THE custodians of a national park look set to consider ramping up efforts to prevent the destruction of its cultural heritage after becoming overwhelmed by unauthorised works to nationally important buildings.

A meeting of the North York Moors National Park Authority’s planning committee heard its officers could not keep up with a wave of what are criminal offences being committed against listed buildings and members call for tough action to stop historic properties being ruined.

The call came as members agreed works to reinstate, as best it could be, a grade II listed 18th century farmhouse on the north-west boundary of the national park at Easby, which had suffered “substantial harm” due to unauthorised works.

Chris France, the authority’s director of planning, said a number of the building’s features that saw it given listed status, such as sliding sash windows, had been removed from the property.

The building’s owner, Graham Yewdall, apologised to the park authority for undertaking the works without permission, but said the house had been left uninhabitable after the previous occupier had died in an accident on the farm.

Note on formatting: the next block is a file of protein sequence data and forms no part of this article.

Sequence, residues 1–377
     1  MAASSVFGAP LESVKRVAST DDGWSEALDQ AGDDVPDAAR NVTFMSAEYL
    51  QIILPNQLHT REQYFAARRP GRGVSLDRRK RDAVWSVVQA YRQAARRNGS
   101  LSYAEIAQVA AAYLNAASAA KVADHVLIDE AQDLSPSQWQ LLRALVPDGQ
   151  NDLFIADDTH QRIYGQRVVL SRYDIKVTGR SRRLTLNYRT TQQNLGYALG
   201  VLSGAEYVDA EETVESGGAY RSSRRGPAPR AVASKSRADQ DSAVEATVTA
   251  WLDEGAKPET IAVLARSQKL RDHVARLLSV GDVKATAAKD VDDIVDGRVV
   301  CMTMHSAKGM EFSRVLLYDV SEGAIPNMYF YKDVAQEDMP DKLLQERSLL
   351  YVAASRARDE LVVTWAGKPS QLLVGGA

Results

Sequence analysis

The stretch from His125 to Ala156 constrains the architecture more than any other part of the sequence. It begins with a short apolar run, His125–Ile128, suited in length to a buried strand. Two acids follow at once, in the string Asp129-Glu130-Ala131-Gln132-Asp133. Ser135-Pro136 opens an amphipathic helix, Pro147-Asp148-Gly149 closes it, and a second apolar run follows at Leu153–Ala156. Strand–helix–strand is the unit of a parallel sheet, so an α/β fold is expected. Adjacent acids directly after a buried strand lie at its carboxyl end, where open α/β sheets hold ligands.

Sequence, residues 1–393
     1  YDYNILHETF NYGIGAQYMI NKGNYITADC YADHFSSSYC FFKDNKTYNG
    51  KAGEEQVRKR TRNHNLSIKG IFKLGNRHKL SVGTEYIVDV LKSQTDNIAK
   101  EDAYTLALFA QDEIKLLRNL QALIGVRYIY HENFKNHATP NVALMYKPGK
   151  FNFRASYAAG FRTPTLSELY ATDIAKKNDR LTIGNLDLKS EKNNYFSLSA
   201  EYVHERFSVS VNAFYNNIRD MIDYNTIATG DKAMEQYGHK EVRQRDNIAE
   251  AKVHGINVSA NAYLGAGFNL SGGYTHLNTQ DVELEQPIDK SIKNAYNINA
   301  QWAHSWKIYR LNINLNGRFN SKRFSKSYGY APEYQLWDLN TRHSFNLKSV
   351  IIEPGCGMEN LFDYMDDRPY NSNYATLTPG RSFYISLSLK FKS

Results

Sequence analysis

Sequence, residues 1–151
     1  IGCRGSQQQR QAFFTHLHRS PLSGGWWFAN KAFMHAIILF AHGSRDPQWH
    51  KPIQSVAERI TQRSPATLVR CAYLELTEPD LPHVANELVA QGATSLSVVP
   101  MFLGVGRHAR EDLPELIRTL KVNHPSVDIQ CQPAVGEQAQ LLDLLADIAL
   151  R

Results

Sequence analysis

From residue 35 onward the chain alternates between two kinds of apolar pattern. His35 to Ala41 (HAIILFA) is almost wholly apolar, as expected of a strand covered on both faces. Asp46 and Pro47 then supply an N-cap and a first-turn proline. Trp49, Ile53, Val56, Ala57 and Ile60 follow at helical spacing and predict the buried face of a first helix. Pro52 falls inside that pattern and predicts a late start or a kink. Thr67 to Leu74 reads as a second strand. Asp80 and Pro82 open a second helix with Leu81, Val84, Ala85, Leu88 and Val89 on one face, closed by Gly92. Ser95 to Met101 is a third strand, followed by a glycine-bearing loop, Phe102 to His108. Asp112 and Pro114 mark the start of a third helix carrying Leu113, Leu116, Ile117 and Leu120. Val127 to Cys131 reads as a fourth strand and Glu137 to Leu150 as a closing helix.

He said: “We were told by the land agent for the owner that it was just a straightforward repair and refurbishment. Then we had a knock at the door to say the house was listed.”

Member Alison Fisher said the authority needed to examine how it monitored and enforced planning rules over listed buildings very closely.

She said: “It is very disappointing and very uncomfortable for the national park that we find ourselves in this position. Substantial harm has been caused to this building and legislation clearly says damage to a listed building is an offence. How you could look at that building and not think it was of historic interest and could be treated in the way it has been treated is absolutely appalling. At the moment it is an indictment to heritage matters to the national park, and that’s very sad.”

Mr France said the Easby property was just one of at least a dozen such offences the authority was dealing with. He said the park authority had one full-time historic buildings officer and the equivalent of 1.8 full-time enforcement officers, and they “cannot deal with everything”.

Mr France said: “We are really struggling to keep up with how people look after or don’t look after listed buildings. We are writing a leaflet that will go out to every resident of listed building in the national park. Solicitors and estate agents don’t seem to advise new owners what listing actually means, so we are going to be more pro-active about that and make people aware.” He said it was apparent some members wanted the authority “to be a bit more pro-active about wielding our prosecution powers”.